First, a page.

Vidya Nalajala and her team are developing Zap’s advanced repetitive power supply: the high-voltage spark plug that will drive hundreds of thousands of fusion pulses a day.
Electric current is critical to a Zap fusion core’s performance. On principle, the stronger the current, the more fusion energy the device can yield. Repeatability is also important, since more frequent reactions lead to more net energy to the grid. The power supply that converts individual fusion bursts into utility-scale electricity will need to marry both – an incredibly strong current discharged as frequently as the physics will allow.
The team engineering the heartbeat of the fusion plant
At Zap Energy, Vidya Nalajala is the leader of the advanced repetitive pulsed power team developing that technology: their high-voltage power supply will fire hundreds of times every minute, with each megaamp pulse lasting between 100 to 200 millionths of a second. To support baseload power needs, the power supply will spark fusion reactions hundreds of thousands of times a day, for months on end.
“The challenges involved with making this power supply are enormous. Nobody has done anything like this before,” says Nalajala.
High energy density science in the high desert
Before joining Zap in 2022, Nalajala worked for more than 15 years at the massive Zebra Pulsed Power Lab (or ZPPL, previously known as the Nevada Terawatt Facility) at the University of Nevada, Reno. ZPPL houses research in high-energy-density physics, which involves subjecting plasma to the extreme conditions found inside stars.
The huge laboratory complex is home to the nation's largest university laser and pulsed-power accelerator combination. Donated by the Los Alamos National Laboratory, and installed in partnership with Sandia National Laboratories, “Zebra” is capable of driving two million volts of electric current through a target and turning it into plasma as hot as the interior of the sun.
Repetitive pulsed power is a relatively small niche within electrical engineering since batteries and supercapacitors discharge electricity quickly enough for most commercial applications. But decades of working at ZPPL gave Nalajala experience with cutting-edge research at the intersection of pulsed power, plasma, Z pinches and fusion energy itself. The thesis for her master’s degree at UNR also focused on compact Z-pinch plasma machines.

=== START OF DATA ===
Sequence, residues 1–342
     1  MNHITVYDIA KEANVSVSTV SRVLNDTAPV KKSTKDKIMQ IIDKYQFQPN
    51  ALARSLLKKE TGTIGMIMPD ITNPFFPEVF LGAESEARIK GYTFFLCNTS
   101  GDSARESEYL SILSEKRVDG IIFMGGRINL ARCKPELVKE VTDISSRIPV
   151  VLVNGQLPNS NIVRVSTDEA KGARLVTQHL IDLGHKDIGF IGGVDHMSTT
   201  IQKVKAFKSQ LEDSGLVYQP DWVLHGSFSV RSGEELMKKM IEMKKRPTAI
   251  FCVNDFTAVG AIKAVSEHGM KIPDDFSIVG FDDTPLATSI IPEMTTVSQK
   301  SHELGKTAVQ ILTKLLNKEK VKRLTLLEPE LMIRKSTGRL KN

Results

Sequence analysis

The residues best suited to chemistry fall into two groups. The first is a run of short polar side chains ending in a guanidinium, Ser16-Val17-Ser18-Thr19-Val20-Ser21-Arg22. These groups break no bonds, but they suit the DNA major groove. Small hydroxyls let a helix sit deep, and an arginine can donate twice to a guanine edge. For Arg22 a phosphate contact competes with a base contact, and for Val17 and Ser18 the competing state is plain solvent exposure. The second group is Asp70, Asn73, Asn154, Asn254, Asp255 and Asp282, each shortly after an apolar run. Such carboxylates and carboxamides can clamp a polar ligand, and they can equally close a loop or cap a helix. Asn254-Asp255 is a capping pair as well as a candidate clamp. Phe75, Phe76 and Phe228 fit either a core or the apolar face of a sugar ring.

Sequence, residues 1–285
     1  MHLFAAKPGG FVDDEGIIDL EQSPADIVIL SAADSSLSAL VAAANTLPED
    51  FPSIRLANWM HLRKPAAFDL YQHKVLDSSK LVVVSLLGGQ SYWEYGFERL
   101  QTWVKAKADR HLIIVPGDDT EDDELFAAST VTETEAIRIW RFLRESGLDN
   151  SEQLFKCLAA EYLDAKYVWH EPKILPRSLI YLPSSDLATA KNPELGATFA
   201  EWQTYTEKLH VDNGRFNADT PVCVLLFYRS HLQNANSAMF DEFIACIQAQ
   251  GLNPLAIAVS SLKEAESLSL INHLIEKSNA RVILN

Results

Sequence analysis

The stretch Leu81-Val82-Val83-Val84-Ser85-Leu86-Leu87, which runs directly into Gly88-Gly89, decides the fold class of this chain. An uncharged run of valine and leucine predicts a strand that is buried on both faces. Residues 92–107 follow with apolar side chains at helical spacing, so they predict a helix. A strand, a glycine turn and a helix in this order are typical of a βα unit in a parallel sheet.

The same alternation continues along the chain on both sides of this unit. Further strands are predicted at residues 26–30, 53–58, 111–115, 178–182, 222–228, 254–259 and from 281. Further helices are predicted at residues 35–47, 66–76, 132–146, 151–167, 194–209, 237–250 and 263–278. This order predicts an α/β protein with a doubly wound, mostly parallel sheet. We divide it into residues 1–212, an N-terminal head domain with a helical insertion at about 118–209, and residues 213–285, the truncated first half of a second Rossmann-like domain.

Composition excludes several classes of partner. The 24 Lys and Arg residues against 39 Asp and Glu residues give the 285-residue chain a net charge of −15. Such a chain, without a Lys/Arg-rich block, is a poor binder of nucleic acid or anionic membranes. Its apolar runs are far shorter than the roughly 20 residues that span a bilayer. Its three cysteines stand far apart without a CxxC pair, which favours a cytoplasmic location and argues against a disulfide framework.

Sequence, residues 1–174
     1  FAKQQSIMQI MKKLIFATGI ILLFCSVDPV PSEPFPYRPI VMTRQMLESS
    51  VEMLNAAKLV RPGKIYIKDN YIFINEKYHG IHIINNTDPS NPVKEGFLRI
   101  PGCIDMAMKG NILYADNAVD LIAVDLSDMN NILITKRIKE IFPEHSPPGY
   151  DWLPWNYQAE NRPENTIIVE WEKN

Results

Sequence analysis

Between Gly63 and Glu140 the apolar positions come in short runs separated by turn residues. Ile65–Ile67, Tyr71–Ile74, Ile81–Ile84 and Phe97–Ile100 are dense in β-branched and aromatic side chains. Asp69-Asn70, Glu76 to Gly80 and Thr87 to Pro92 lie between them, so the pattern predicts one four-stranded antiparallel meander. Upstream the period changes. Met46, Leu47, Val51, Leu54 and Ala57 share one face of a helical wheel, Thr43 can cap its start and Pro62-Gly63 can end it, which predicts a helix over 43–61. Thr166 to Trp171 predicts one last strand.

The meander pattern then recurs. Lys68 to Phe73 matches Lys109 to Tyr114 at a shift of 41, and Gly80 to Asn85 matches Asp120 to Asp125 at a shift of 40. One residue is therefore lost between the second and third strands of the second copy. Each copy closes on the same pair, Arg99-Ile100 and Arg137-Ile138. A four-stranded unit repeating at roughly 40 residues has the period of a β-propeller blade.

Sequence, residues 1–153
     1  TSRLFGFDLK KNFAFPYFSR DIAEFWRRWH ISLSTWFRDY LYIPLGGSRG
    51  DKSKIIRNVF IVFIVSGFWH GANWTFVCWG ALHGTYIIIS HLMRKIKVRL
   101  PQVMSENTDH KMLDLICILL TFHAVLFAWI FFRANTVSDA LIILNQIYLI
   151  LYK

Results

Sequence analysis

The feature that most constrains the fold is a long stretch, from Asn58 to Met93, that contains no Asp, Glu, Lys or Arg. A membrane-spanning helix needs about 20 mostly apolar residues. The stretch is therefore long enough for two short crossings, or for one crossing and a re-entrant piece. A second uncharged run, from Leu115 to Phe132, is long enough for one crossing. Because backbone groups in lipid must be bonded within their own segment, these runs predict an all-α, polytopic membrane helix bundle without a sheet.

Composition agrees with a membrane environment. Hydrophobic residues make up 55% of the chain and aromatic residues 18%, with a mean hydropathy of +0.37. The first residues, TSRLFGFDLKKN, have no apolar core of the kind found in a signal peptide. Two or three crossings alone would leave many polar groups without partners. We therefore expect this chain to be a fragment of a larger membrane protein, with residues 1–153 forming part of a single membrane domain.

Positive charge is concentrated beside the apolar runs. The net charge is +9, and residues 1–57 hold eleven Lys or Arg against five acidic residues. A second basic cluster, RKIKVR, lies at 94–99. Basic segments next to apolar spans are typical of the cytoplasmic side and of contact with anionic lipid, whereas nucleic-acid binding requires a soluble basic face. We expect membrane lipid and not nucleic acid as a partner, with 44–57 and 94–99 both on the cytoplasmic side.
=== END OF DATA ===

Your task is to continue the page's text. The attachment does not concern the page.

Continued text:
Nalajala’s time at ZPPL also honed her leadership style, requiring her to train and lead teams of undergraduates in UNR’s physics department to execute complex research projects.
“For years, I was training 18-year-olds who might not know what a wrench or Phillips-head screwdriver was,” she recalls. “But I like to interact with young brains a lot. I like to listen to their ideas.”
Getting the details wired in
One of Nalajala’s frequent collaborators is Matt Aubuchon, who leads the directorate developing Zap’s pulsed power components. Aubuchon says Nalajala thrives in the ambiguity of a startup environment, describing her as strategic about engaging her teammates to force clarity.
“Vidya is very humble: no attitude, low ego. She can see a long way out what kind of work something will require, and she’s really good at organizing both people and processes to execute over a long timeframe. She sets a good example for the company on how to get stuff done.”
Building a power supply capable of billions of shots over its lifetime means prioritizing repeatability and durability in every conceivable aspect of the project including topology, instrumentation, insulation and cooling. Nalajala sees her role as responsible for maintaining the high-level vision while also nailing the tiniest details.
Daily team standups move quickly from component selection and testing to construction timelines and discussion of systems integration. She has been known to spot-check the gauge of a particular wire and stays in close contact with supply chain colleagues to help expedite critical components.
In the past year, one of her team’s most important accomplishments was the integration of a new pulsed transformer to the power supply. Nalajala lights up while describing the effort: although none of them had ever worked on transformers before, her engineers designed it in house, piece by piece. To test initial versions, they were wrapping, winding and testing components by hand until they achieved the performance they were looking for. The transformer tripled the existing current and enabled them to reach a new high-water mark in pulse repetition rate.
“I don't know how to put it a better way — the vibe is good,” she says. “We come together to solve problems.”
Envisioning the future of fusion
Earlier this year, Zap’s first prototype of an advanced power supply discharged one thousand consecutive high-voltage pulses at a rate of roughly one pulse every 10 seconds without failure. Since then, the team has been building toward the next milestone: an iteration of the power supply tied to the dynamic load of a plasma, designed to operate in more realistic conditions to better simulate a true power plant environment. They’ve already executed test shots on the new system.
Now, after a year and a half at Zap, Nalajala remains confident that her team will continue to push their technology forward. She points to the attitude they bring to the lab every day as the key to their consistent progress.
“Call it the tenacity, the determination, maybe the hunger for finding solutions, right? This team has thirst to say, ‘I'm going to get this done no matter what.’”